Thomas Oatway: Compromise is inevitable
Former candidate for the County Board of Supervisors district five Darryl Park holds a sign and an American Flag as part of a protest against the repeal and replacement of the Affordable Care Act. Katharine Lotze/The Signal
By Signal Contributor
Friday, June 30th, 2017

Brian Baker is adamant that “some differences of opinion are so fundamental that there’s no compromise possible” (“Socialized medicine: You’re for it or against it” in Thursday’s Signal Opinion section).

He states that this is the case for health care policy and argues that free market advocates will never be able to compromise on introducing socialized medicine into national health-care policy.

He argues that the “final truth” for conservatives is that if government-run health care (socialized medicine) is allowed to be incorporated in health-care policy, it is like being a little bit pregnant. Thus compromise is a non-starter.

For those of us over 65, the reality is that public and private health-care insurance becomes secondary and Medicare becomes our primary coverage. Medicare is government-run and the government negotiates benefits, payments to providers, and coverage limits.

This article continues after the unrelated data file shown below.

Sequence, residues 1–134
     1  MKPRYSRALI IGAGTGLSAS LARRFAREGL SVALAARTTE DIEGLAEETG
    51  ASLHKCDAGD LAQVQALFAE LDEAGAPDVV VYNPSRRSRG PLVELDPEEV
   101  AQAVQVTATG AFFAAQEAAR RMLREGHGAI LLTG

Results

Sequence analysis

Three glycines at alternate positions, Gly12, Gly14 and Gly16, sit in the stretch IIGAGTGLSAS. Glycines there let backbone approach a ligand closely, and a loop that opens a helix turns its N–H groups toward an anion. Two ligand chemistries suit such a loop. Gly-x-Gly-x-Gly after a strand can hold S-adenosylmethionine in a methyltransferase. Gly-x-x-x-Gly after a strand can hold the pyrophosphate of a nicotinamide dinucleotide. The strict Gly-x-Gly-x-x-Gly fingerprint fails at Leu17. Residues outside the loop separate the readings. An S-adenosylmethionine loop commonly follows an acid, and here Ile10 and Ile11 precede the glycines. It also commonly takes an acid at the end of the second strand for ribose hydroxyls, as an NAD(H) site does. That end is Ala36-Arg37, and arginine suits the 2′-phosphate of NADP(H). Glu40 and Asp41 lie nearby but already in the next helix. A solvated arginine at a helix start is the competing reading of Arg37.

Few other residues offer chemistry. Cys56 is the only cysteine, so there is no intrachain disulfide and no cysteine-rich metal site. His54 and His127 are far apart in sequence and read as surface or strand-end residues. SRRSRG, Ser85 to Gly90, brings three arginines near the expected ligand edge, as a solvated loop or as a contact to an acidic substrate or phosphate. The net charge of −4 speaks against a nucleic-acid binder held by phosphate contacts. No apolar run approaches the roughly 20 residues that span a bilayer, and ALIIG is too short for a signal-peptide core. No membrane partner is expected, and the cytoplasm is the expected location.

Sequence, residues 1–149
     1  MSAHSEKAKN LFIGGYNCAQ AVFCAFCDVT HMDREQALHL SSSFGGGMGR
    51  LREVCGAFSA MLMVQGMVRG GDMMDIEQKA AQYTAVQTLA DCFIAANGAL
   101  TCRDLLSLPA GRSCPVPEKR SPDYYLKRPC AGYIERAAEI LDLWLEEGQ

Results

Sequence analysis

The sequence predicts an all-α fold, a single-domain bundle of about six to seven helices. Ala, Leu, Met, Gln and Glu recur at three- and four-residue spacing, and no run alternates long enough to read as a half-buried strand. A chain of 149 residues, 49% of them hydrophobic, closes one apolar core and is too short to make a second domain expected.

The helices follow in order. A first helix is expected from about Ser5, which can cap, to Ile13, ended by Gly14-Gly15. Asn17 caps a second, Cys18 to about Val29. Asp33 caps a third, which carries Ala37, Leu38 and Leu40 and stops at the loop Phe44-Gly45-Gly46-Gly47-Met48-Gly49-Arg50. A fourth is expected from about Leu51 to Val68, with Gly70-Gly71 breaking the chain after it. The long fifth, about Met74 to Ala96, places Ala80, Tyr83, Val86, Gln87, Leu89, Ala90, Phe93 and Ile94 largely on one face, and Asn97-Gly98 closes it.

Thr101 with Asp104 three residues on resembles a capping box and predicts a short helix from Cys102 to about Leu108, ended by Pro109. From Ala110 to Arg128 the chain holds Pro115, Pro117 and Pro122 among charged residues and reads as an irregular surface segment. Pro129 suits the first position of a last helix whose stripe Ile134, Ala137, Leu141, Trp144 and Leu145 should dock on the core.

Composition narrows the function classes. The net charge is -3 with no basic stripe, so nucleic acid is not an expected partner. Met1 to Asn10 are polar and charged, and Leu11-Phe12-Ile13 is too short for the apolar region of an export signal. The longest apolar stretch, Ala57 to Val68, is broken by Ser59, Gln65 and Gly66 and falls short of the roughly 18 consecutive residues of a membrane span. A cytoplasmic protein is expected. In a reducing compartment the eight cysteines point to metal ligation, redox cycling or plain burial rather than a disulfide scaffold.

If Mr. Baker is over 65, and on Medicare, he is pregnant with socialized medicine. Now can we start the discussion on compromise?

 

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Signal Contributor

Signal Contributor

Former candidate for the County Board of Supervisors district five Darryl Park holds a sign and an American Flag as part of a protest against the repeal and replacement of the Affordable Care Act. Katharine Lotze/The Signal

Thomas Oatway: Compromise is inevitable

Brian Baker is adamant that “some differences of opinion are so fundamental that there’s no compromise possible” (“Socialized medicine: You’re for it or against it” in Thursday’s Signal Opinion section).

He states that this is the case for health care policy and argues that free market advocates will never be able to compromise on introducing socialized medicine into national health-care policy.

He argues that the “final truth” for conservatives is that if government-run health care (socialized medicine) is allowed to be incorporated in health-care policy, it is like being a little bit pregnant. Thus compromise is a non-starter.

For those of us over 65, the reality is that public and private health-care insurance becomes secondary and Medicare becomes our primary coverage. Medicare is government-run and the government negotiates benefits, payments to providers, and coverage limits.

If Mr. Baker is over 65, and on Medicare, he is pregnant with socialized medicine. Now can we start the discussion on compromise?